Careers rarely develop the way we plan them. Our career path often takes many twists and turns, with particular events, choices and people influencing our direction.

We asked Elva Bannon from Smart Futures to give some advice for people considering this job:

 

Elva Bannon

Mechatronic Engineer

Smart Futures

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  Elva Bannon

I found having education in a number of different areas of engineering to be beneficial to the work I am doing.

There is a whole world of possibilities out there for engineers, and it is difficult to know what subjects are necessary for the industry you will end up in. I was always interested in robotics and environmental issues, but it was not until my Masters that I really knew what I wanted to do.

General entry courses are quite useful, as you get a taste for a few different areas before you have to specialise, a lot of companies offer on the job training, and there is also the possibility of further study.

An engineering qualification teaches you so much more than just the technical subjects, but a way of looking at the world and solving problems in a logical and systematic way.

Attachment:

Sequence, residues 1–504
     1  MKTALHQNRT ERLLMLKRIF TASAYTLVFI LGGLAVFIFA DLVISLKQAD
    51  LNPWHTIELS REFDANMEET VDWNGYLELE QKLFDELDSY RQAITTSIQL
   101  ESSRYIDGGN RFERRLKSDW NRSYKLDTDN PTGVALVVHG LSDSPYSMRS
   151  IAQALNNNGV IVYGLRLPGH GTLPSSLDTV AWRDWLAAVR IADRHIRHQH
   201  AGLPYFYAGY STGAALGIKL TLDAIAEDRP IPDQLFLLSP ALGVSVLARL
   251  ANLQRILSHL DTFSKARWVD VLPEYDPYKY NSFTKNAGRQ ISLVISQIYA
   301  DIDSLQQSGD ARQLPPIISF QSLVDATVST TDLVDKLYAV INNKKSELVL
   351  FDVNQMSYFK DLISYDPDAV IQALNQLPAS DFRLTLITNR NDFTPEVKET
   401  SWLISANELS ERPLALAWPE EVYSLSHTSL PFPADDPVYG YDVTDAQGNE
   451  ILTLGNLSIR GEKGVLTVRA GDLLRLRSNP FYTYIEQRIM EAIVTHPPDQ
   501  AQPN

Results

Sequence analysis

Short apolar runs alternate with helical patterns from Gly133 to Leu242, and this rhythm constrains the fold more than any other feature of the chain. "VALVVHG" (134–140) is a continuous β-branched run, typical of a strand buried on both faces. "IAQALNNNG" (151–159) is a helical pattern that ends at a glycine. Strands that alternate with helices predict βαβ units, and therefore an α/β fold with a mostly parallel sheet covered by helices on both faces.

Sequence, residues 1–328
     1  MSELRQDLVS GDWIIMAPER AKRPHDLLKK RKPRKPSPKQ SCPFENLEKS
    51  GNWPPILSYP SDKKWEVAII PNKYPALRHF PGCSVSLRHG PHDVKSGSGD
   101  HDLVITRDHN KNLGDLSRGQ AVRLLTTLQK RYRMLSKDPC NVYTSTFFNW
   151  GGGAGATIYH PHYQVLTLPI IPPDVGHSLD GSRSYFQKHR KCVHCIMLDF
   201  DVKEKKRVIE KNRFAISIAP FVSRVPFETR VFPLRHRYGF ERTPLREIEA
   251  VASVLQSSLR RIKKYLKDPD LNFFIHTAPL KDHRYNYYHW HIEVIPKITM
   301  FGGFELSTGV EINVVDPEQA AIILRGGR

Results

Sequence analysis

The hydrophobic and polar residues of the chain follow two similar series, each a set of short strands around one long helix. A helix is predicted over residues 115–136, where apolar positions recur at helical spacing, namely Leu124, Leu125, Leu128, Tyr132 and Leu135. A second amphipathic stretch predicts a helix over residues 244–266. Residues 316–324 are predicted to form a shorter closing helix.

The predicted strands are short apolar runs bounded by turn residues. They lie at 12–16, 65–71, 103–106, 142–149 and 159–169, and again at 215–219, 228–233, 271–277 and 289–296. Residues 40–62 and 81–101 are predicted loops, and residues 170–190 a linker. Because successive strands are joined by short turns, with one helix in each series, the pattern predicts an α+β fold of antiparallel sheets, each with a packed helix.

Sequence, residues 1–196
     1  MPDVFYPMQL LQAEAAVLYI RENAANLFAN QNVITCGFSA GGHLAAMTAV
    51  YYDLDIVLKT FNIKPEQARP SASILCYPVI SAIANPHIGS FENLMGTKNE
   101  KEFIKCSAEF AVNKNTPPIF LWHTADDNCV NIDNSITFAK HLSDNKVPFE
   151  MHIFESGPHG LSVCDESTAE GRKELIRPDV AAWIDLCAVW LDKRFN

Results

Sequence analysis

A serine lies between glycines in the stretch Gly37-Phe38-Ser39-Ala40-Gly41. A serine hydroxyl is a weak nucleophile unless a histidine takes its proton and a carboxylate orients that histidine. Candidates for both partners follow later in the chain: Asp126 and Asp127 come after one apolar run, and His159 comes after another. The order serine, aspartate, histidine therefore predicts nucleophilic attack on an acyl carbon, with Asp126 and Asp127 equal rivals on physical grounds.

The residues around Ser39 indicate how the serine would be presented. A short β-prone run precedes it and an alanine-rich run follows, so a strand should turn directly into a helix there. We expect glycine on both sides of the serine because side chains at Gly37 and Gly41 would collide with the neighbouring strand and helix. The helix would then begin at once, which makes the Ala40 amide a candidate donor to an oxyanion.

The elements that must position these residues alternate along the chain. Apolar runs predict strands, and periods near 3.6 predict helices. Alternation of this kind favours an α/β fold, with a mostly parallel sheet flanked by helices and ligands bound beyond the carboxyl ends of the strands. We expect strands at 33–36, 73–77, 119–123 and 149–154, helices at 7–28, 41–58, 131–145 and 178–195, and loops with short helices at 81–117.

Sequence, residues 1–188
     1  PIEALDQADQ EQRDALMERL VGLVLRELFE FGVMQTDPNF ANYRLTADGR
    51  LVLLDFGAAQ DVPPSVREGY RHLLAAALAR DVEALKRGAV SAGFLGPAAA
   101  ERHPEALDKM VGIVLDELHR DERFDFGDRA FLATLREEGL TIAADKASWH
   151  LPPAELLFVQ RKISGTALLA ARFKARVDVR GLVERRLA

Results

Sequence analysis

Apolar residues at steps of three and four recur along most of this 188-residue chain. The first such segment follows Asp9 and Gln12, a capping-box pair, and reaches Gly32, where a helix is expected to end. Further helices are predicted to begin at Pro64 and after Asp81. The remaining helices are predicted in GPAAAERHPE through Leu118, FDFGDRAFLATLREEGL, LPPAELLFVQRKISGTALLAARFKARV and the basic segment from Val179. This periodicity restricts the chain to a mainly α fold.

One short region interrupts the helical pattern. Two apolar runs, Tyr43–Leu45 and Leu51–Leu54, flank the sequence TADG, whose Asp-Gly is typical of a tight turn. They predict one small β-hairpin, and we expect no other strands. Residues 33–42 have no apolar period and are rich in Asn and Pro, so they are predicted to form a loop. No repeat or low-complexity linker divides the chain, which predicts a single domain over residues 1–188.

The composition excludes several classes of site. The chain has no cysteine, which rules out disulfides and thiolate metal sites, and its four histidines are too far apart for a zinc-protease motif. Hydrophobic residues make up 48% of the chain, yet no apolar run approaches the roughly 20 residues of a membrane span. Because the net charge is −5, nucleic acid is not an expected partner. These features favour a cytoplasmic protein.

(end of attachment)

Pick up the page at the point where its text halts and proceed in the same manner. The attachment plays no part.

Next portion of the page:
Engineers are sought after for these skills as much as the technical ones, and it opens up incredible opportunities. Engineering is not an easy route through college, but it is incredibly rewarding.

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Enterprising people like situations that involve using resources for personal or corporate economic gain. Such people may have an opportunistic frame of mind, and like commerce, trade and making deals. Some are drawn to sales and marketing occupations. Many will eventually end up owning their own business, or managing a section in larger organisations. They tend to be very goal-oriented, and work best when focused on a target. Some have an entrepreneurial inclination.
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Courses related to this video..

Applied Music - DK860
 

This course offers a blend of traditional, classical, rock and pop with music technology. We welcome students from different music backgrounds and with a diversity of interests. Music performance is a central focus of the programme where you may specialise in your chosen performance genre.

Specialisms offered in years 3 and 4 include composition, performance (classical, traditional, rock/pop), music technology, music education and community, musicology and ethnomusicology.  


 

This programme is aimed a producing professionals for the recording industry, capable of assuming key creative and architectural roles in the process of analysing, developing and realising the creative intentions of the recording artist to a commercial conclusion.

The artistry of modern Music Production assumes a diverse range of interrelated disciplines. Creativity, science, recording technologies and techniques, musical appreciation and awareness, business, interpersonal skills and more, combine to form the rich diversity of strands that is this course.


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